weekly blog--one for the ages
In the 1980s I used to work in Kendall Square (Cambridge, Mass.). At the time it was home to MIT and a growing number of technology oriented businesses and services. It was a rather sleepy, nondescript place with only a handful of places to eat lunch, and I could park for free at the building I worked in, or when full, on Memorial Drive along the Charles River.
Today, Kendall Square is a bustling tech hotspot; it’s streets now clogged with cars and people, mostly young professionals going to and from work and research laboratories housed in shiny new glass office buildings. So it should come as no surprise that a business incubator has opened in the Square seeking startup companies devoted to helping the world's aging populations, their families and care partners.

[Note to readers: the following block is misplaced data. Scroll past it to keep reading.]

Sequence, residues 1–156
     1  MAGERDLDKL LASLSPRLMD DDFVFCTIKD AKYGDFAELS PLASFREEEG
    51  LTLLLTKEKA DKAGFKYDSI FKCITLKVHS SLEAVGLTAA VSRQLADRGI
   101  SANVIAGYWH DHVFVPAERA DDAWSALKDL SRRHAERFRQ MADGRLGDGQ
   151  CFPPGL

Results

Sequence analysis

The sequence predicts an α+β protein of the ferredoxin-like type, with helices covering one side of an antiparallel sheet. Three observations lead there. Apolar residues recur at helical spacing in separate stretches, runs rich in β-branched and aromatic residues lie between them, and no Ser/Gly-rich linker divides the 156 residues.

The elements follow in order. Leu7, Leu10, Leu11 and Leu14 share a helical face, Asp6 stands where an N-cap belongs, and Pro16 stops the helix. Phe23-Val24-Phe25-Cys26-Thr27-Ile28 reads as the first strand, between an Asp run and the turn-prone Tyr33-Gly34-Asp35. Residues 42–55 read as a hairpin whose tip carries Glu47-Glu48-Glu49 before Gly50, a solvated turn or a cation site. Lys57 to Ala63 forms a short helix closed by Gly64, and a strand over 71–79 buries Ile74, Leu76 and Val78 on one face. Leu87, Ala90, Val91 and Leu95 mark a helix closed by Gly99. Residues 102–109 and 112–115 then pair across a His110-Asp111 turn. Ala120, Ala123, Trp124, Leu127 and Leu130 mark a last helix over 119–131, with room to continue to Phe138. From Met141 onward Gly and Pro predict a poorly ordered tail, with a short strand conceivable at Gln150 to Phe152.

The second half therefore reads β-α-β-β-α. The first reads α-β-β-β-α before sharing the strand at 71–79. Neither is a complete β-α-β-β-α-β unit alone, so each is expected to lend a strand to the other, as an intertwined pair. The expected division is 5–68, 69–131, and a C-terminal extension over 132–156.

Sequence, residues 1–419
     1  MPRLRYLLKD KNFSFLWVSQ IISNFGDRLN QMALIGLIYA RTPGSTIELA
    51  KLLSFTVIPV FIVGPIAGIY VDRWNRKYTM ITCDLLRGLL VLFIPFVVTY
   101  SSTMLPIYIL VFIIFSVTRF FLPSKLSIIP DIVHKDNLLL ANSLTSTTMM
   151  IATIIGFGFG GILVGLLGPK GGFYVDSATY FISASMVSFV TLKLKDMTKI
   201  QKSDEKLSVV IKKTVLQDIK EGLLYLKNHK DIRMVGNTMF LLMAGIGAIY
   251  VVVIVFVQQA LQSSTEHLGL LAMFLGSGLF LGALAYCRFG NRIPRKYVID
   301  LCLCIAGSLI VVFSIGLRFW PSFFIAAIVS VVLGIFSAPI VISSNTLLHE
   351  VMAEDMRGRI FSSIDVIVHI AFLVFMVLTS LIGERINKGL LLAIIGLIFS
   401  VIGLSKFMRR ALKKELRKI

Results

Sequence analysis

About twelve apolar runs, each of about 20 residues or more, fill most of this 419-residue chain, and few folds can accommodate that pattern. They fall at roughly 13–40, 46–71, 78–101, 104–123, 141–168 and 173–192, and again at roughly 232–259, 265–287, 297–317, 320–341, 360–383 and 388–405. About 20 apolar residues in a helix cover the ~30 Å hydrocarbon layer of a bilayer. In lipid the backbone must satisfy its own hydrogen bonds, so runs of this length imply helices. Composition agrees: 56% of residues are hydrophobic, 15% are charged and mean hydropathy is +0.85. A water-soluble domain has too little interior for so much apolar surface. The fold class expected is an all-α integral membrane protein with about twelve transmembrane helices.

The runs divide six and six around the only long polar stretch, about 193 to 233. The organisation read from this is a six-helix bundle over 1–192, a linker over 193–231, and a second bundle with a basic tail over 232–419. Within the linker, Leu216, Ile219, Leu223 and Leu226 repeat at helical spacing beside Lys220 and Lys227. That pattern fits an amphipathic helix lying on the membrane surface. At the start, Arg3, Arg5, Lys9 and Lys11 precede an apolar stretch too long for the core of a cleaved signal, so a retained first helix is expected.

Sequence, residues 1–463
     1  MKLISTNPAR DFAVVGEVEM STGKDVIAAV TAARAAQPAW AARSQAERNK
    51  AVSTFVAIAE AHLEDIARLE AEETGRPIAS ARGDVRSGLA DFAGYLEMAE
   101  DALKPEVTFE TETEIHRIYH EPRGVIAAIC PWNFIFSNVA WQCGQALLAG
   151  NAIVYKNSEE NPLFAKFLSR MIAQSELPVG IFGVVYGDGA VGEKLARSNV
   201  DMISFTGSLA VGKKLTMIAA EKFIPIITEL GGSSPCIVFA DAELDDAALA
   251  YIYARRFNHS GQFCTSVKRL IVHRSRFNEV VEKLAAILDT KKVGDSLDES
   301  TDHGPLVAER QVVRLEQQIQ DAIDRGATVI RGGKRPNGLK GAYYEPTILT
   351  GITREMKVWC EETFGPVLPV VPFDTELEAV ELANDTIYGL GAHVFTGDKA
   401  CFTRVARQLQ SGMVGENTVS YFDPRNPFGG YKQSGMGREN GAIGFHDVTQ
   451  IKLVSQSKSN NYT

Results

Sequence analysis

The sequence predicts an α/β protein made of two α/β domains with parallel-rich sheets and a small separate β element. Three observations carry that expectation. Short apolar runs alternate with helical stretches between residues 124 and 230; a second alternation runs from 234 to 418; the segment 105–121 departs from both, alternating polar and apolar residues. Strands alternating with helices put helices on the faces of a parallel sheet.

With older people in the United States representing an $8 trillion market, the Cambridge Innovation Center fits neatly into the Governor of Massachusetts' goal to position the state as a hub for innovation about aging. The first group of companies renting space at the Center are developing products ranging from sensor-equipped braces called “exoskeletons” for people with injuries or neurological conditions to smart watches that detect falls and prompt seniors to take their meds at designated times.
Similar innovation spaces are planning to open over the next two years in Providence, Philadelphia, Miami, Tokyo, and Rotterdam in the Netherlands. AARP already runs the Hatchery innovation lab in Washington, and a Cambridge holding company called Life Biosciences has launched multiple longevity startups, and other efforts are underway on the West Coast.